This is the dance sequence that Fred Astaire famously called, “the greatest dance number ever filmed.” I tore my ACL just watching this. In my mind, Harold and Fayard Nicholas are far and away the greatest dancers to ever walk the earth; with Fred “Rerun” Berry a distant third.
Bonus comedy: Here’s Harold hamming it up with Bill Cosby and Sydney Poitier thirty years later in “Uptown Saturday Night.”
Shirley Chisholm declares presidential bid, January 25, 1972
When I wear my “Shirley Chisholm for President” button, I get two reactions. The first–usually from someone over the age of 50–is an enthusiastic smile before they ask where I got it. The second, more common reaction is, “Who’s Shirley Chisholm?” After I sigh and hang my head briefly–especially when asked that by a person of color–I explain that she was the first Black woman elected to Congress, and the first Black person to seek a major-party’s Presidential nomination.
This documentary film from Raymond Gayle examines “the struggles of the black rock musician and the stigma they face in the black community and the music industry.” It features tons of great performance footage and interviews with journalists and musicians like Angelo Moore of Fishbone, Vernon Reid of In Living Color, and Cody ChesnuTT. Although the film is a bit rough around the edges, it’s got a lot of heart and certainly tackles an interesting and timely subject. The success of bands like TV on the Radio (one white guy) and Bloc Party (fronted by a black guy) might signal a shift toward an acceptance of more rockers of color. Watch it here, or by all means go buy a copy.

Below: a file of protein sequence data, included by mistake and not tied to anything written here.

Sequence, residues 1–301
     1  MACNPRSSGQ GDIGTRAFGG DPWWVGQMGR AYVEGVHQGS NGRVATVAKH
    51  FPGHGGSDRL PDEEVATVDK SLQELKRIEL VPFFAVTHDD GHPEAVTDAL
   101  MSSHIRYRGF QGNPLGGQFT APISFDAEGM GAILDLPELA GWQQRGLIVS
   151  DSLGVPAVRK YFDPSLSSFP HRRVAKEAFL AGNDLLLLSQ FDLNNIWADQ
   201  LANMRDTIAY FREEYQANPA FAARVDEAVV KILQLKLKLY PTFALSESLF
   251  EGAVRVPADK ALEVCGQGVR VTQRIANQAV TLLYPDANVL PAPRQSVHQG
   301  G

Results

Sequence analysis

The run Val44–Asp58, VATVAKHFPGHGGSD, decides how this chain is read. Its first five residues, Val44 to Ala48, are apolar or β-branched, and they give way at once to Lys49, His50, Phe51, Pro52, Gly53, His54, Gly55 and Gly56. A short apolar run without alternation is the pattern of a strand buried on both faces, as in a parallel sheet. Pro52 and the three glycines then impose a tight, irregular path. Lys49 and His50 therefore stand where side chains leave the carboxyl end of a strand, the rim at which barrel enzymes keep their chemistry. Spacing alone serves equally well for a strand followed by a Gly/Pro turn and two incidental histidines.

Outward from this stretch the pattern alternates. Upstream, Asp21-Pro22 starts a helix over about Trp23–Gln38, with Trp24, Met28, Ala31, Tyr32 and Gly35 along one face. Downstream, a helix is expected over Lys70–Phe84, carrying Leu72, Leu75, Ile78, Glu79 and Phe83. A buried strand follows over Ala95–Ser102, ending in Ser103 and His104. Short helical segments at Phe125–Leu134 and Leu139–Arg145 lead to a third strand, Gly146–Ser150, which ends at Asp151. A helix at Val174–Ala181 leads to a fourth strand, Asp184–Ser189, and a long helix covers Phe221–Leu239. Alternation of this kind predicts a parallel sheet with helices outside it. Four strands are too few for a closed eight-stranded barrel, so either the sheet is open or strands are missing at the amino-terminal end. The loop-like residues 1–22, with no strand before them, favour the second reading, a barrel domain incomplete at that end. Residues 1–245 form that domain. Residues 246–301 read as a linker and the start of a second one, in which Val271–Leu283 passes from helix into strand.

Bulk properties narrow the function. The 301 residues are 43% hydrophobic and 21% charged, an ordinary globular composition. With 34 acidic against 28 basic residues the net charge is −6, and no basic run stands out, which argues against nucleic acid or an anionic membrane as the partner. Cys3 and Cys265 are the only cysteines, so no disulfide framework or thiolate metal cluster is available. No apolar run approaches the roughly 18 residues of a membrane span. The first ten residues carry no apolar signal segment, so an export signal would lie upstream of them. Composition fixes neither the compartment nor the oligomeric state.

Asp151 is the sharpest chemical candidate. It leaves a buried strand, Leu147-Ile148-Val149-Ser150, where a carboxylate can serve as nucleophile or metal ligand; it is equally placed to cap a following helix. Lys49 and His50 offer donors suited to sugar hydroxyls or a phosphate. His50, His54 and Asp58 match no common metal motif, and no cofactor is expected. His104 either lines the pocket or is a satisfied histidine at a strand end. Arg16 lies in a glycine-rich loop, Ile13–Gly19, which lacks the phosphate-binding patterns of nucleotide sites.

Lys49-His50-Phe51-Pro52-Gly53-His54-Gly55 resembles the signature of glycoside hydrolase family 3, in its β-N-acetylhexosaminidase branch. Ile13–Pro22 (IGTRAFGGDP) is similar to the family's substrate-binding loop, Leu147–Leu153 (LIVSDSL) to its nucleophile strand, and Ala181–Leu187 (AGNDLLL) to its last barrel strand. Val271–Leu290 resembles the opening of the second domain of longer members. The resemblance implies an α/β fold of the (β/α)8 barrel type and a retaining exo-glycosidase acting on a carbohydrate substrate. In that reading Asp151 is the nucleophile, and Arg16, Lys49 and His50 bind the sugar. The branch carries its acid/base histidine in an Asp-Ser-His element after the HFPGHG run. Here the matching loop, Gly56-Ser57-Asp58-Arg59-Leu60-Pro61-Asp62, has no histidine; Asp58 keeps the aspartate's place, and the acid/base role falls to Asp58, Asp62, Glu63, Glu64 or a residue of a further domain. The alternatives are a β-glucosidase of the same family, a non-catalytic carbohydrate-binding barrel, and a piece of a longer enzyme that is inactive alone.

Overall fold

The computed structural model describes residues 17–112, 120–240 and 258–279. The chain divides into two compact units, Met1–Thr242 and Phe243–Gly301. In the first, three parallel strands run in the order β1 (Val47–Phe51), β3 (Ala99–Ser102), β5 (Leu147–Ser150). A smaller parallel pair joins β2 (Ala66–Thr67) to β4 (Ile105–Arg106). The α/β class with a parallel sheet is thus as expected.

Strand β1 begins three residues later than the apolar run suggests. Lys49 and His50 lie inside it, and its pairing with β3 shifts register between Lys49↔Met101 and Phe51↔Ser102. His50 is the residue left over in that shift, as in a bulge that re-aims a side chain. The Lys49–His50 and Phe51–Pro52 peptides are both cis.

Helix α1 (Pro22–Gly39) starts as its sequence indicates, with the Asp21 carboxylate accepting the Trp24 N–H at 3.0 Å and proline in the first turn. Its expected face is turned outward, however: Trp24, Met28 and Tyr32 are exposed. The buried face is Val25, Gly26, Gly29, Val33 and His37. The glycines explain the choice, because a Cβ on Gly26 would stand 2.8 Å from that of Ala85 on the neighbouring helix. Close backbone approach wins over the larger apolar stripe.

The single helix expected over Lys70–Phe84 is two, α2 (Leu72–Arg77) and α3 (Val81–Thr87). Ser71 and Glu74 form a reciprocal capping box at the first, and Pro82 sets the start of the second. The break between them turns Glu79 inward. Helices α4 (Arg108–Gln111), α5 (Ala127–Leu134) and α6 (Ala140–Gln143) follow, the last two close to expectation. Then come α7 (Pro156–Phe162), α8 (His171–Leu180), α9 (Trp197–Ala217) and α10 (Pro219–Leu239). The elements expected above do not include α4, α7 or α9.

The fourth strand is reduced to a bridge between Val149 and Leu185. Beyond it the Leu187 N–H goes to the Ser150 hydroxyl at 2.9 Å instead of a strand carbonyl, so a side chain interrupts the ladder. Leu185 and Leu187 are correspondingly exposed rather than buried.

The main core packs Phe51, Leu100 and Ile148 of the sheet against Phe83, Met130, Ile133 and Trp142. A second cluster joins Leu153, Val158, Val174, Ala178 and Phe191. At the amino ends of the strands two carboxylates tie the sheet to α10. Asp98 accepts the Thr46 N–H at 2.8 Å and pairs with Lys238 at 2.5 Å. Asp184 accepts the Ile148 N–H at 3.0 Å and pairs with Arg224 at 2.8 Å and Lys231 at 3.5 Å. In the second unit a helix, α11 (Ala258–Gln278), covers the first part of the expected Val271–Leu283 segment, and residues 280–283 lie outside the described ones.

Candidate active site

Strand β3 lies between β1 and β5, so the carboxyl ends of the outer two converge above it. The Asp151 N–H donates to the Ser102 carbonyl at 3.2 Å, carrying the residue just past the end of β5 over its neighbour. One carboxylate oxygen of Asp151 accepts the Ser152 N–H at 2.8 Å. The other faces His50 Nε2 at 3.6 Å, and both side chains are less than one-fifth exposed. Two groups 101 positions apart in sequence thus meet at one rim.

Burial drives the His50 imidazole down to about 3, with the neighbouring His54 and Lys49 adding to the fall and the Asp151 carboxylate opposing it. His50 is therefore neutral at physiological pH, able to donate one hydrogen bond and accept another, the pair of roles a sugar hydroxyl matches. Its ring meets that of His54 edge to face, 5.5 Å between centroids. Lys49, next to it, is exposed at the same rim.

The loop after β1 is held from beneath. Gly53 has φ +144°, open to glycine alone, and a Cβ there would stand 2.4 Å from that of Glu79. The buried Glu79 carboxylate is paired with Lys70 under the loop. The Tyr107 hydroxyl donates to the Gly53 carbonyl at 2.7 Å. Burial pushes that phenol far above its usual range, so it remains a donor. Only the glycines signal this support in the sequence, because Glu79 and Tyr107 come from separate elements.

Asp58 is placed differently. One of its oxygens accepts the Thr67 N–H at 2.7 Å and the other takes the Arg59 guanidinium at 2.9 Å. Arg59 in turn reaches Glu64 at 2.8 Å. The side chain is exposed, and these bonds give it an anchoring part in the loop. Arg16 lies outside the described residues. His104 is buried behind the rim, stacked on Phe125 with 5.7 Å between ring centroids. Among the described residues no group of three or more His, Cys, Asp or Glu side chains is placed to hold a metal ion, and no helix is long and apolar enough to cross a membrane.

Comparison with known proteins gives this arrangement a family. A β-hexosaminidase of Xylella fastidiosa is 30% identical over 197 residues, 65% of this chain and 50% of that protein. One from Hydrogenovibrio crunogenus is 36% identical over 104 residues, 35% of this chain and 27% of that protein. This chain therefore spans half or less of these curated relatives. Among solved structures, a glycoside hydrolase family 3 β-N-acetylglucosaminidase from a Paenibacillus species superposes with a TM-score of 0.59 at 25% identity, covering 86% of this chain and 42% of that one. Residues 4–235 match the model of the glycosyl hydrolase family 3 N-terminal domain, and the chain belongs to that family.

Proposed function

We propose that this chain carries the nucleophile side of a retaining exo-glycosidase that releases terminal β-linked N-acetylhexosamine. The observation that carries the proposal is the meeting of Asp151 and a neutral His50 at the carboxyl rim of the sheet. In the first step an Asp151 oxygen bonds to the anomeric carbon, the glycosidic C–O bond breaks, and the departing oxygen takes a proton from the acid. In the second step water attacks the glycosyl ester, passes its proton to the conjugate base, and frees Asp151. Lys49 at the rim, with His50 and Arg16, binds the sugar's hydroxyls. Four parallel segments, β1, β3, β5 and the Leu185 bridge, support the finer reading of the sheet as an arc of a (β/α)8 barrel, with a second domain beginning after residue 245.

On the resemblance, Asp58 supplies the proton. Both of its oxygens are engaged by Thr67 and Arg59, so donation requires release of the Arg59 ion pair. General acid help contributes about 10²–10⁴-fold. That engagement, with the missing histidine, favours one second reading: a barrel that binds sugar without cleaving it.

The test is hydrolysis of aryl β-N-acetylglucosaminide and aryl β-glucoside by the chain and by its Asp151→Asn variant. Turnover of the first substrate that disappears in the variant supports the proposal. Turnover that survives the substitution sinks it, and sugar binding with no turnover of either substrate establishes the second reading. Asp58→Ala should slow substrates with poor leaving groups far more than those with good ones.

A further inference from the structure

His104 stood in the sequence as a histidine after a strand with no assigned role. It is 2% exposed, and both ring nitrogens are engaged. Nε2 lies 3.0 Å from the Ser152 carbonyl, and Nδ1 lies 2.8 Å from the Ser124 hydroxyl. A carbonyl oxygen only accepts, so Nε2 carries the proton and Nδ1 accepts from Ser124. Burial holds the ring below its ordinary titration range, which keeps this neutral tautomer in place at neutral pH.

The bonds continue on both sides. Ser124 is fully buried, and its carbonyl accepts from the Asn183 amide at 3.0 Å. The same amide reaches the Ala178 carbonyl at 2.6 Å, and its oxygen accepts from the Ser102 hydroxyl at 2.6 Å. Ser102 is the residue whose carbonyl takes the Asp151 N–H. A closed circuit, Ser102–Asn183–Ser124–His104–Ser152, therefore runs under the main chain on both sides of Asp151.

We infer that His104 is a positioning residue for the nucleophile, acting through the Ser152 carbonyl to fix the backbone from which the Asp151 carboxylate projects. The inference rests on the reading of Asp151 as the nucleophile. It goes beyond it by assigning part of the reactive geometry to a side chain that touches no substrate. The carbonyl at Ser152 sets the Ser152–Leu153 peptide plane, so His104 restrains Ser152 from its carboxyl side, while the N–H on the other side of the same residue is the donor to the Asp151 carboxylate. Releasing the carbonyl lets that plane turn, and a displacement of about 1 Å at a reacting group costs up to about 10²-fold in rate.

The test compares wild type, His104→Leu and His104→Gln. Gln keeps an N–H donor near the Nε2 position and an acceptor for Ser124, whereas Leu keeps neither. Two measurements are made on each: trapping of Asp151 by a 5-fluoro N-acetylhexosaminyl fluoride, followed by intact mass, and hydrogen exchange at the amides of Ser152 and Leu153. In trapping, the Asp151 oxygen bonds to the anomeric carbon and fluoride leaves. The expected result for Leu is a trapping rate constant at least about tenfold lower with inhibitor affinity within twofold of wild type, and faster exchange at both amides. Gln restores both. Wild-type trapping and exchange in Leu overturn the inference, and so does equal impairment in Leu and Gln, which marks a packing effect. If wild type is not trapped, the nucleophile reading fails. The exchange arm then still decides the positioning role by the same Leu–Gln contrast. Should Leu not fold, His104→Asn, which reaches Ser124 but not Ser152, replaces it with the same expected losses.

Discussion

And here’s the Saturday Night Live performance that first made me a Fishbone fan.
Well, not all Black people. But this is a perfect example of why the stereotype still persists. Writing about the new movie Obsessed, Stephen Holden said the following:
The movie’s most disturbing aspect, of which the filmmakers could not have been unaware, is the physical resemblance between Mr. Elba and Ms. Larter to O. J. and Nicole Brown Simpson. It lends “Obsessed” a distasteful taint of exploitation.
The problem, of course, is the fact that Idris Elba and O.J. Simpson look nothing alike, save for one obvious similarity. They have different shaped heads, different facial structures, different features, different skin tones. They just both happen to be Black. And Ali Larter and Nicole Brown Simpson just both happen to be blond white women.
The only thing distasteful here is how the sight of a Black man on screen with a white woman still makes white people crazy enough to write stupid shit like this.
A brief word of explanation. During a repeat viewing of Gladiator, my wife and I noticed Joaquin Phoenix’s incredibly high “creep factor.” In the real world, this inherent skeevyness is almost always a liability. As an actor, it can open the door to a host of juicy roles. (This is, of course, not a testament to an actor’s true character. In interviews, Willem Dafoe comes across as affable and charming. On screen…creepy.) In a nod to the lingo of the movie, we christened Phoenix as Creepius Maximus. So that explains the title of this blog entry. What follows below, I have no explanation for other than to fall back on my old standby: Rock star trumps everything.